Unlike any other currently available solution, it takes care of all parts of the process, from sowing to growing to harvesting. It has a unique conveyor-like design with a 10-day growing area. So when you eat a portion — another will automatically start. With such on-demand production, your greens are always freshly cut — increasing their nutritional value and reducing food and plastic waste.
AutoGreens is beautiful and can be integrated into your place as a lamp or a shelf or even a bench providing not only functional benefits but and aesthetic ones.
It has built-in air and water purification systems that solve the potential contamination problem. Sun-like led light, temperature, and humidity control provide perfect growing conditions. Pre-packed seed rolls contain growing medium and seed for up to 200 daily portions (100–150gr / 3–5oz). Changing a seed roll once in 200 days is the only maintenance you need to do. It seems too good to be true, but it’s not.
That way, regular consumption of fresh greens from a hassle becomes an effortless healthy habit.
Our health and health of our close ones are the most important things. It affects everything else in our lives. And we often know what we need to do to take care of it, but just don’t do it for some reason. We forget we don’t have time, and we think that we are healthy until something breaks.
On the one hand, we can be more conscious about that and correct our behavior, and we should. On the other hand, we live in an amazing time where some of the chores that make us healthier can be automated so that we can get benefits without the hassle that was previously needed.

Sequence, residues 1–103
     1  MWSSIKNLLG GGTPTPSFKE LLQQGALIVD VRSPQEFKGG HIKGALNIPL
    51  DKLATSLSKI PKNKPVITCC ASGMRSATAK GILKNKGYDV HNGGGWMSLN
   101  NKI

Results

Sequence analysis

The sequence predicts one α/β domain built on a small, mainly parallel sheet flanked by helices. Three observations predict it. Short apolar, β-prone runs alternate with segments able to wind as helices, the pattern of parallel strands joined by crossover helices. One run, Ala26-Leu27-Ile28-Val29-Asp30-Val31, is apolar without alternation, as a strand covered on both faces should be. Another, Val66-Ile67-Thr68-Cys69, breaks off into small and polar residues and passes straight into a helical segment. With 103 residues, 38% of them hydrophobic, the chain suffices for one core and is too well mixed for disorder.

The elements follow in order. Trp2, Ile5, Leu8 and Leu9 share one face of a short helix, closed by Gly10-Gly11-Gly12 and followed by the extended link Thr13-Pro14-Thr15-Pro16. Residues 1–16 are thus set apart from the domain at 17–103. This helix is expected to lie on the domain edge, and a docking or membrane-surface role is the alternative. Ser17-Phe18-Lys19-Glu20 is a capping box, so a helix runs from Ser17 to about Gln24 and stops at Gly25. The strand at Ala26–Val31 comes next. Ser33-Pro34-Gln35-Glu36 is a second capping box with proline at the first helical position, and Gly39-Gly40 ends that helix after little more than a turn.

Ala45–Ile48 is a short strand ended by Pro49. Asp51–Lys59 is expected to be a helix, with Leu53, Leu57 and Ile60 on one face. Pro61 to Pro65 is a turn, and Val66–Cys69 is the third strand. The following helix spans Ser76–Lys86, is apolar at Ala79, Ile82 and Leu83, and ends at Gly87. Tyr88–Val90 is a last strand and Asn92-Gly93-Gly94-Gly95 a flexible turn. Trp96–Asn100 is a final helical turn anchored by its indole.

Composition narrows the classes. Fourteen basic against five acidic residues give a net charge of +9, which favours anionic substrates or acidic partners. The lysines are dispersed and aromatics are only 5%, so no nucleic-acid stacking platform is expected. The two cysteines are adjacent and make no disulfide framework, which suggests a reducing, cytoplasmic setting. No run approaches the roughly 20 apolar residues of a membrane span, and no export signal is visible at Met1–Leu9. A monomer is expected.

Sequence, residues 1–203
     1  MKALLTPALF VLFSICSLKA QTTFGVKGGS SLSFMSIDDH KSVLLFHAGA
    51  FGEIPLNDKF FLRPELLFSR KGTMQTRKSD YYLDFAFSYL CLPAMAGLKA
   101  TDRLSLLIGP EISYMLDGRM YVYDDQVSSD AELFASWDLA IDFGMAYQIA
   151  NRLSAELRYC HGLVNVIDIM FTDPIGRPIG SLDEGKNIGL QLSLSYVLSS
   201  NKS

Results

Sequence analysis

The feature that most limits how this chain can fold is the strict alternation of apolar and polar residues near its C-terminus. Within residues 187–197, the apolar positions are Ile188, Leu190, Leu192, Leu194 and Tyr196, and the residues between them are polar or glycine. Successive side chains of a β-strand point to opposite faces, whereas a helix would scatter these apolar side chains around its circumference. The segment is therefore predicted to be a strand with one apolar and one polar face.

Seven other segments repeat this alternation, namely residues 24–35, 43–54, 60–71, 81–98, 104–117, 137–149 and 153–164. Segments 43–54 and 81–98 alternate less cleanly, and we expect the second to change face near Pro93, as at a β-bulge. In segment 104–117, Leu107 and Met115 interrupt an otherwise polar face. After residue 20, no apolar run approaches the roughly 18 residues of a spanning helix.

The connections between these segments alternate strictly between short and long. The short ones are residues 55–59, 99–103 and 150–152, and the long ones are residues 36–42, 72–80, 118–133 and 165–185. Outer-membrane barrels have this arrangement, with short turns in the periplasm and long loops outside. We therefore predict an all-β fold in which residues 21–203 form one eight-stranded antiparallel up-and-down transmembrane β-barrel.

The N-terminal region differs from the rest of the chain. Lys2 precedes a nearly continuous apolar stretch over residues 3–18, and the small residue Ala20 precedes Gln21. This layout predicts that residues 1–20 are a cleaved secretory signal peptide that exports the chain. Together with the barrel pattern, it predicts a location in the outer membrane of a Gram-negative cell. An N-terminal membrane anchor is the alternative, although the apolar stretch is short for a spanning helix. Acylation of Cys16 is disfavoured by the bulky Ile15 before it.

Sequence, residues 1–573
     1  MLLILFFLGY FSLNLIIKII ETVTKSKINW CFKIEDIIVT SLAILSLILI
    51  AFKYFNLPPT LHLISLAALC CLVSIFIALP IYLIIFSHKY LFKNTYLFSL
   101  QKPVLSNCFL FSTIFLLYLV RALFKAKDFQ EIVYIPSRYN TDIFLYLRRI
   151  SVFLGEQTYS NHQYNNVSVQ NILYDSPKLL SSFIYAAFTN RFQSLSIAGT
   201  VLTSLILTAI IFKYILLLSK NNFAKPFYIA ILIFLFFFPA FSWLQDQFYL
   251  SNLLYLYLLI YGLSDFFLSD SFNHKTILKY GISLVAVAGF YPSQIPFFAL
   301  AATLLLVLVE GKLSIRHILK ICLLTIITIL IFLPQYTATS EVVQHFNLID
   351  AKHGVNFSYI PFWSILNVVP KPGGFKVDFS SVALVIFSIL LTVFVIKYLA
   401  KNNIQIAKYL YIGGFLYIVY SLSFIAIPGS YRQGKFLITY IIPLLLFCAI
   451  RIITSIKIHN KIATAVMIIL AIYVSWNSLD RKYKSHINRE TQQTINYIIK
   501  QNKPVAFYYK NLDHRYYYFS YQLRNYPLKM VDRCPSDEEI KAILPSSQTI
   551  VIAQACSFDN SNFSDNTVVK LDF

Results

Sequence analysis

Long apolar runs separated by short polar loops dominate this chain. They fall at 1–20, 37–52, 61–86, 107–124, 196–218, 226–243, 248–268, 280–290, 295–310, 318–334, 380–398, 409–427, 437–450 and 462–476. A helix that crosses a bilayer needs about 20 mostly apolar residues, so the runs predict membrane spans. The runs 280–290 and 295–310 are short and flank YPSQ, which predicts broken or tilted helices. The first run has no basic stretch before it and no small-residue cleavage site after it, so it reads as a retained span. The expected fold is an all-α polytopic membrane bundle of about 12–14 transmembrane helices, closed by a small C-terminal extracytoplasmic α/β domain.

With AutoGreens, you can have a better quality of life with less effort. You can have better health with less effort. Isn’t that what technology ideally supposed to do? Unload, unburden, free your mind, so that you have more time for things that matter the most?
Not many devices around us are like that. Why? It’s not a technological problem.
We can look at the products in 3 ways. Technological — the product functions and serves its purpose. Economical — the product has a sustainable business model. And Behavioral — people actually use it, and it makes their lives better. The problem that the companies need only the first two to exist. Behavioral aspect only partially influences sales. Users often end up thinking that it’s their problem that they rarely use the product they bought, which is not entirely true. From an inventor’s standpoint, I see it as unfinished work because the system doesn’t take into account their behavior and therefore works inefficiently.